The opinion of the court was delivered by: Honorable Barry Ted Moskowitz United States District Judge
ORDER RE MOTION TO DISMISS FAC
Defendant moves to dismiss the FAC. For the reasons set forth below, this motion is DENIED.
The Court's August 24, 2010 Order granting in part and denying in part Defendant's motion to dismiss the original complaint provided Plaintiff with a September 26, 2010 deadline to file an amended complaint. Plaintiff filed the FAC nunc pro tunc to September 29, 2010, the date the amended complaint was received.
Defendant contends that Plaintiff's failure to timely file
necessitates dismissal without further leave to amend. The Court
disagrees. Plaintiff, who is incarcerated, signed the FAC's proof of
service on September 24, 2011 and declares that he deposited the FAC
in the prison mail system on that date. See doc. #31 Ex. B. As a pro se
prisoner, Plaintiff is entitled to the "mailbox rule," which dictates
that the statutory filing date is the date a document was presented to
prison authorities for mailing to the court and not the date it was
received. See Houston v. Lack, 487 U.S. 266, 276 (1988).*fn2
Under this rule, Plaintiff's amended complaint is timely
filed. Plaintiff's motion to dismiss the entire complaint on
timeliness grounds is DENIED.
B. Statute Of Limitations
In the August 24, 2010 Order, the Court instructed, "No further motions to dismiss based on statute of limitations may be made by Defendant." (Order at 4) Nevertheless, Defendant now argues that the statute of limitations bars Plaintiff's FLSA and UCL claims and that equitable tolling is not available. (Mem. at 2-3)
Pursuant to the August 24, 2010 order, these arguments are clearly not appropriate in a motion to dismiss and will not be considered at this time. As stated before, "any statute-of-limitations defense should be raised in a motion for summary judgment." (Order at 5)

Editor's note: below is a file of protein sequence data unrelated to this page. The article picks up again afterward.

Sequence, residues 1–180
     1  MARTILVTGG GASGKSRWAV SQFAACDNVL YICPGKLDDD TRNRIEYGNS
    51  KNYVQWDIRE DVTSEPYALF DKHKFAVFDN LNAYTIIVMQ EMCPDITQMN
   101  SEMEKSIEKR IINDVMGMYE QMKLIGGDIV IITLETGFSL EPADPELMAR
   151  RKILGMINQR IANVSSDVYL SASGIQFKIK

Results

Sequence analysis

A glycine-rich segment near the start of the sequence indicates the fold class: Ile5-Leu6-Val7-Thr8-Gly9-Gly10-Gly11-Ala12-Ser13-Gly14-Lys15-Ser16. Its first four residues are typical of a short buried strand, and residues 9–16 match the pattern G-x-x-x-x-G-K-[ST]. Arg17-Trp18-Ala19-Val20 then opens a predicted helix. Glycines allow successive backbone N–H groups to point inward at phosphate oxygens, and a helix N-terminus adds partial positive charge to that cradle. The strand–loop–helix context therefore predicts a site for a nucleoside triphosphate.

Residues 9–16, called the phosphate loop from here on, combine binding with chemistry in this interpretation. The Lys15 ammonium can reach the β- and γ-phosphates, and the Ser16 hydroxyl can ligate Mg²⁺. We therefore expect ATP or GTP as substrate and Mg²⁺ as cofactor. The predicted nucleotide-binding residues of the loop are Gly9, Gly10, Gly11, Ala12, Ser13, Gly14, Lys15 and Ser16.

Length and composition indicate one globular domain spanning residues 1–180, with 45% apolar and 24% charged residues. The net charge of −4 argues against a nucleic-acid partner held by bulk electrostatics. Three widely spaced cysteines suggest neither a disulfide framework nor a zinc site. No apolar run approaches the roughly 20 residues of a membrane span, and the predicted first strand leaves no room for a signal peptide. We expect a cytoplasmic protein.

C. Failure To State A Claim
Defendant seeks dismissal of Plaintiff's UCL claims on three grounds. First, Defendant claims confusion as to whether Plaintiff is suing under California's Unfair Competition Law or the Unfair Practices Act and states that it will "base its argument on the Unfair Practices Act." (Mem. at 5) Paragraph 40 of the FAC reads, "Plaintiff alleges that California Business and Profession Code §§ 17000 et seq. to 17200 et seq states 'unfair competition shall mean and include unlawful, unfair or fraudulent business practices.'" This is a quote from § 17200 of the UCL. Although pro se Plaintiff may not have cited the intended statute with exact precision, it is clear that Plaintiff is bringing claims under the UCL and not under the Unfair Practices Act.
Next, Defendant argues that because "the only claims which survive the statue of limitations is Plaintiff's UCL claims which accrued between July 23, 2005 and July 29, 2005" and "Plaintiff has failed to plead any damages specific to this 6 day period", Plaintiff failed to plead enough facts to state a claim. (Mem. at 5) As discussed above, the Court will not address Defendant's statute of limitations arguments at this stage of proceedings. If Defendant is ultimately successful in these arguments, then Plaintiff will have to put forth evidence of any damages accrued during this six-day period.
Finally, Defendant asserts, "Plaintiff also requests compensatory relief, however monetary relief beyond restitution is may [sic] not be recovered under a UCL claim." (Mem. at 6) The Court has already held that "[r]estitution is the sole form of monetary relief available under the UCL." (Order at 7) Plaintiff acknowledges this holding and contends that the compensatory damages sought are not in reference to the UCL claims. (Opp. at 6) To the extent Plaintiff's prayer for restitutionary damages are for withheld wages to which Plaintiff has an ownership interest, these wages are recoverable under the UCL. See ...